Economic Rights

The economic rights protect the author’s business & profit interests and allow the author to earn a profit by direct or indirect exploitation of a work.

Listen to Audio Lesson on Economic Rights in Copyright


Economic rights give the owner of copyright the exclusive right to authorize or prohibit certain uses of a work. The scope of these rights, and the limitations and exceptions, differ, depending on the type of work concerned, and they also vary from country to country.

The economic rights include the exclusive rights to: 

Make reproductions or copies of the work in various forms.

For example, copying a CD, photocopying a book, downloading a computer program, scanning a text, printing a cartoon character on a T‐shirt, or incorporating a portion of a song into a new song. 

Distribute the work to the public.

Copyright allows its owner to prohibit others from selling, leasing, licensing, renting, or lending unauthorized copies of the work. However, in many countries, the right of distribution is limited by the “first sale” or “exhaustion” doctrine, which provides that once you have authorized the first sale or distribution of a particular copy or phonorecord, you have no say  over how that copy or phonorecord is further distributed in the relevant country’s territory. In other words, a copyright owner can control every detail of the “first sale” of the works, including timing, price, and conditions. But, once sold, the purchaser can then resell the copy or phonorecord, lend it to a library, or give it away, etc. However, the purchaser cannot make copies or prepare derivative works based on it.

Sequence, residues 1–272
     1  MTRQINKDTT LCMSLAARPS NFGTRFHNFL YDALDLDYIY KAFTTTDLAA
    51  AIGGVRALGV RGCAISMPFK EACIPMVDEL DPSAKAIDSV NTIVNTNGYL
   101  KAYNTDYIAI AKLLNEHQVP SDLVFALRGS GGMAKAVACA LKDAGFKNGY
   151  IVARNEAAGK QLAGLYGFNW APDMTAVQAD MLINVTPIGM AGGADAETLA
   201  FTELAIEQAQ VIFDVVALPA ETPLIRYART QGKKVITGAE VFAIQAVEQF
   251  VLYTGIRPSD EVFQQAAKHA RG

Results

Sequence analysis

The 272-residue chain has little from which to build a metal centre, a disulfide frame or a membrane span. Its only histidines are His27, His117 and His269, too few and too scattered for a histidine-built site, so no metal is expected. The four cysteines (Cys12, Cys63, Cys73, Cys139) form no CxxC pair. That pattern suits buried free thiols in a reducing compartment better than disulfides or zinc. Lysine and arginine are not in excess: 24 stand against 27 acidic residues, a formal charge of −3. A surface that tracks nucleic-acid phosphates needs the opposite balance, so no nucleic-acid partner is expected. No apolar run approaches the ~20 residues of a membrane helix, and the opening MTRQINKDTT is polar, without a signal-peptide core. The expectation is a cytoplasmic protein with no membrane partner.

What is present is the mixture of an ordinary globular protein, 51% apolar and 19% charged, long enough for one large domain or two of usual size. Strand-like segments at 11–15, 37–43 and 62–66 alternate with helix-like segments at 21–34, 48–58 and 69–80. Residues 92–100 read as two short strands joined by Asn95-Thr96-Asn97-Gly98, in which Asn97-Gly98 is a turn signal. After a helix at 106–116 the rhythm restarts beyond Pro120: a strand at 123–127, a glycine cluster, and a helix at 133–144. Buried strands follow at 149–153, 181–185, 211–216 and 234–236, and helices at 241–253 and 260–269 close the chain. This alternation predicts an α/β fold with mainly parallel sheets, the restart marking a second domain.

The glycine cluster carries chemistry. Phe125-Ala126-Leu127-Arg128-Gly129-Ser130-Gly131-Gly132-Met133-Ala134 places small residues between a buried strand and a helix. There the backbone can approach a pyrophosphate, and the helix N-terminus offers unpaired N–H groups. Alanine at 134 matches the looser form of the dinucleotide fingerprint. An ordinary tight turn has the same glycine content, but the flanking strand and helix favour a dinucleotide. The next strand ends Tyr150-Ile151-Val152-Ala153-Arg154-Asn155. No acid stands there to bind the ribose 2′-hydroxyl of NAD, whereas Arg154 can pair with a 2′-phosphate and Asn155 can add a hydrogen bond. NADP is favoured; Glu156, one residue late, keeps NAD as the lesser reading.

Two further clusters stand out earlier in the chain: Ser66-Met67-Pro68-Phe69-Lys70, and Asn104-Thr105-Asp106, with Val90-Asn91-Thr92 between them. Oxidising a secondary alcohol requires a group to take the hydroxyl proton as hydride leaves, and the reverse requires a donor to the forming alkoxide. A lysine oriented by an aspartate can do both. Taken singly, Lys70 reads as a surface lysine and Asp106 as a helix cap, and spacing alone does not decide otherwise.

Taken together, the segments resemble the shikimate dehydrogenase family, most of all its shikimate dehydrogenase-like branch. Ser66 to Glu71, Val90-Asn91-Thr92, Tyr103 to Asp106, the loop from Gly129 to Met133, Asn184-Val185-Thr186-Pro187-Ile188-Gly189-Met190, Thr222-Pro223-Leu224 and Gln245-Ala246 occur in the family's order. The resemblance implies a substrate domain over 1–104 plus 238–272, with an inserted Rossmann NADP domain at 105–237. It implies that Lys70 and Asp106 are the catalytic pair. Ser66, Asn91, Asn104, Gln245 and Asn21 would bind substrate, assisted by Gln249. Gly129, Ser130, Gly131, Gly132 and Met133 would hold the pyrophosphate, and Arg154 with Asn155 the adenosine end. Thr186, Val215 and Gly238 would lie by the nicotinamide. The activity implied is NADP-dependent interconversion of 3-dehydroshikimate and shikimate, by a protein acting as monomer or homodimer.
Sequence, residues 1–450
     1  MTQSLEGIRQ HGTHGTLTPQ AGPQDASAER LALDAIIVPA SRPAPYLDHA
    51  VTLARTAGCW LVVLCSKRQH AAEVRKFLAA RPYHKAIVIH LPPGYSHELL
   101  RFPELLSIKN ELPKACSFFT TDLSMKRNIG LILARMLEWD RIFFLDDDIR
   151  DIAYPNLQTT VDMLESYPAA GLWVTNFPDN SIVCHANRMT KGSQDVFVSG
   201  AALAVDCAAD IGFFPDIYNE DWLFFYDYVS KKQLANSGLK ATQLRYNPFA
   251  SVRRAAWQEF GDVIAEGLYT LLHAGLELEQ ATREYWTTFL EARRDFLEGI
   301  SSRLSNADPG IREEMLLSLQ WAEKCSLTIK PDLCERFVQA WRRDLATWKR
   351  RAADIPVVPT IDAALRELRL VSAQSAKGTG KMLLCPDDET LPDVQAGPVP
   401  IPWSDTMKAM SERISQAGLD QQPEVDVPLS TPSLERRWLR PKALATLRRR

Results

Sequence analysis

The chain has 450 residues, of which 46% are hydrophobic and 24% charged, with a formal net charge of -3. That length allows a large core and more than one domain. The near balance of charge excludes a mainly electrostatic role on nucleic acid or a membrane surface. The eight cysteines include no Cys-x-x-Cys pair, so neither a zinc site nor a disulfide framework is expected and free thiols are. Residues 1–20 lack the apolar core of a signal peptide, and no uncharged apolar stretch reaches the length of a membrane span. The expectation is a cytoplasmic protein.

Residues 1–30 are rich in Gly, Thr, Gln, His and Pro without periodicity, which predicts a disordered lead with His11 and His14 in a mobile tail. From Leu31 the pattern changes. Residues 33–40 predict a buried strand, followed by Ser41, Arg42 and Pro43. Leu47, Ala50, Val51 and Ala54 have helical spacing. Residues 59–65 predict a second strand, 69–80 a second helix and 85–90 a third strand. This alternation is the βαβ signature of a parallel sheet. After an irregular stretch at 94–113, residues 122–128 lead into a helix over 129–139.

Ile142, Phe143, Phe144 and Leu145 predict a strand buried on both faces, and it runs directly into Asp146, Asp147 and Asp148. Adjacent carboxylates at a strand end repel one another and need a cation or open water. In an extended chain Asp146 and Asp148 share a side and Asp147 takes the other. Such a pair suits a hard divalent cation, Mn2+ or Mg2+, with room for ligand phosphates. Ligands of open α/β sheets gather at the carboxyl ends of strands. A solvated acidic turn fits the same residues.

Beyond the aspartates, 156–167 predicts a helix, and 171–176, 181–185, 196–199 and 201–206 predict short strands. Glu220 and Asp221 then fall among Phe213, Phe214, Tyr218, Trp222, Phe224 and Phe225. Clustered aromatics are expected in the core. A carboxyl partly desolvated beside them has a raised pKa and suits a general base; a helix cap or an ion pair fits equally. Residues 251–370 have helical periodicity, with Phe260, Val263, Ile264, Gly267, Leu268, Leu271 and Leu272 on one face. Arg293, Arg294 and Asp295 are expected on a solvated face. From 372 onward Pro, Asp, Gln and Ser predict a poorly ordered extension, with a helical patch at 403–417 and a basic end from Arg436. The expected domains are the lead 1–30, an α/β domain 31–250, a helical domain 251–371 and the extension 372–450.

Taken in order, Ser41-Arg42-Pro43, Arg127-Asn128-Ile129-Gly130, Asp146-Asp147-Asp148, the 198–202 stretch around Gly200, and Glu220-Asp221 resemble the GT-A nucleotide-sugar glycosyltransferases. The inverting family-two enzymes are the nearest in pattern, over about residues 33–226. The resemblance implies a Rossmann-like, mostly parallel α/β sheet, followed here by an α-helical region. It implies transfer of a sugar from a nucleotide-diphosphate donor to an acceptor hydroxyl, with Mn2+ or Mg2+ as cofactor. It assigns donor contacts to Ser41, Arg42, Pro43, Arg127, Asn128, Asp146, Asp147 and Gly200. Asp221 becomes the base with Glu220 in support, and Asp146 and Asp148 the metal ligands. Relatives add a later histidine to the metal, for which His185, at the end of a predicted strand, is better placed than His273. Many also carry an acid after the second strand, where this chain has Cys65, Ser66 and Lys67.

Rent or lend copies of the work.

This right generally applies only to certain types of works, such as cinematographic works, musical works, or computer programs. Some countries do not recognize rental or lending rights, but, instead, grant the copyright owner the right to receive remuneration from such rental or lending of a copy of the work. 

Make translations or adaptations of the work.

Such works are called “derivative works.” For example, translating an English instruction manual into other languages, adapting a novel to make a movie, rewriting a computer program in a different computer language, making music arrangements, or making a toy based on a cartoon figure. If sufficiently original, derivative works are themselves protected by a separate copyright. 

Communicate the work to the public

This includes communication by means of public performance, recitation, display, broadcasting or communication by radio, cable, satellite, or Internet. For instance, ‘showing’ photographs on a website, or making broadcasts available through a public television set in a bar. 

Perform, show, or play the work in public

For example, performing plays and music, playing sound recordings, showing films or videos in public, exhibiting a painting in a gallery, delivering lectures in public, and enabling a broadcast to be seen or heard in public. 

Receive a percentage of the sale price if the work is resold

This is referred to as “resale right” or “droit de suite” and only applies in certain countries to certain types of works (e.g., paintings, drawings, prints, collages, sculptures, engravings, tapestries, ceramics, glassware, original manuscripts, etc.). Resale rights give creators the right to receive a share of the profit made on certain subsequent resales of their works. Such a share varies from 2% to 5% of the total sales price.